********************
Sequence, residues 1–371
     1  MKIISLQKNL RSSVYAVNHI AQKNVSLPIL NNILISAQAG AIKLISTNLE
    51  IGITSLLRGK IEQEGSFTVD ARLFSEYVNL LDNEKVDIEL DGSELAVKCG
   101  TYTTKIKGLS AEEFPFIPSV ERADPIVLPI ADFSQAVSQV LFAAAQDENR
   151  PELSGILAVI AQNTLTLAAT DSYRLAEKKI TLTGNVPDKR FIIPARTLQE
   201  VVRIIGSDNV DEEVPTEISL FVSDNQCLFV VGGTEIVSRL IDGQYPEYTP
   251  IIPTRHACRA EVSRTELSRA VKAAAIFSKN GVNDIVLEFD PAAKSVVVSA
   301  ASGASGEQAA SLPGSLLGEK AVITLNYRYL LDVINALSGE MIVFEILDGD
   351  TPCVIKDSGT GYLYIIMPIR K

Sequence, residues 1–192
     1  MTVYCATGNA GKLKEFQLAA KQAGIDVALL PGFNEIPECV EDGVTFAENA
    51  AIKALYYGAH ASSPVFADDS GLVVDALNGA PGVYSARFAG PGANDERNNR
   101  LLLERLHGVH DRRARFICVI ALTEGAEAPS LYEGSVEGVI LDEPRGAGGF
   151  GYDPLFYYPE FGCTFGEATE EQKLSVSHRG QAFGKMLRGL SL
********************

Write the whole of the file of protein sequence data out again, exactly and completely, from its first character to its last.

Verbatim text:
Sequence, residues 1–371
     1  MKIISLQKNL RSSVYAVNHI AQKNVSLPIL NNILISAQAG AIKLISTNLE
    51  IGITSLLRGK IEQEGSFTVD ARLFSEYVNL LDNEKVDIEL DGSELAVKCG
   101  TYTTKIKGLS AEEFPFIPSV ERADPIVLPI ADFSQAVSQV LFAAAQDENR
   151  PELSGILAVI AQNTLTLAAT DSYRLAEKKI TLTGNVPDKR FIIPARTLQE
   201  VVRIIGSDNV DEEVPTEISL FVSDNQCLFV VGGTEIVSRL IDGQYPEYTP
   251  IIPTRHACRA EVSRTELSRA VKAAAIFSKN GVNDIVLEFD PAAKSVVVSA
   301  ASGASGEQAA SLPGSLLGEK AVITLNYRYL LDVINALSGE MIVFEILDGD
   351  TPCVIKDSGT GYLYIIMPIR K

Sequence, residues 1–192
     1  MTVYCATGNA GKLKEFQLAA KQAGIDVALL PGFNEIPECV EDGVTFAENA
    51  AIKALYYGAH ASSPVFADDS GLVVDALNGA PGVYSARFAG PGANDERNNR
   101  LLLERLHGVH DRRARFICVI ALTEGAEAPS LYEGSVEGVI LDEPRGAGGF
   151  GYDPLFYYPE FGCTFGEATE EQKLSVSHRG QAFGKMLRGL SL